Document Type


Journal/Book Title/Conference

Ecology and Evolution


Wiley Open Access

Publication Date


First Page


Last Page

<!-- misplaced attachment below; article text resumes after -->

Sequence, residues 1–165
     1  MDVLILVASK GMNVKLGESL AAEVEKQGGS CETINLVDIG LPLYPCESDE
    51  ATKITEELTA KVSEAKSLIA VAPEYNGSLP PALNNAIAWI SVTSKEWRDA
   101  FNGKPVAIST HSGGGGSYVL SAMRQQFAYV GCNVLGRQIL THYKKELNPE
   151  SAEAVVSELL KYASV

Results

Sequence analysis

Halogeton (Halogeton glomeratus) is an invasive species that displaces Gardner's saltbush (Atriplex gardneri) on saline rangelands, whereas, forage kochia (Bassia prostrata) potentially can rehabilitate these ecosystems. Salinity tolerance has been hypothesized as the predominant factor affecting frequency of these species. This study compared relative salinity tolerance of these species, and tall wheatgrass (Thinopyrum ponticum) and alfalfa (Medicago sativa). Plants were evaluated in hydroponics, eliminating the confounding effects of drought, for 28 days at 0, 150, 200, 300, 400, 600, and 800 mmol/L NaCl. Survival, growth, and ion accumulation were determined. Alfalfa and tall wheatgrass shoot mass were reduced to 32% of the control at 150 mmol/L. Forage kochia survived to 600 mmol/L, but mass was reduced at all salinity levels. Halogeton and Gardner's saltbush increased or maintained shoot mass up to 400 mmol/L. Furthermore, both actively accumulated sodium in shoots, indicating that Na+ was the principle ion in osmotic adjustment, whereas, forage kochia exhibited passive (linear) Na+ accumulation as salinity increased. This study confirmed the halophytic nature of these three species, but, moreover, discovered that Gardner's saltbush was as saline tolerant as halogeton, whereas, forage kochia was less tolerant. Therefore, factors other than salinity tolerance drive these species’ differential persistence in saline-desert ecosystems.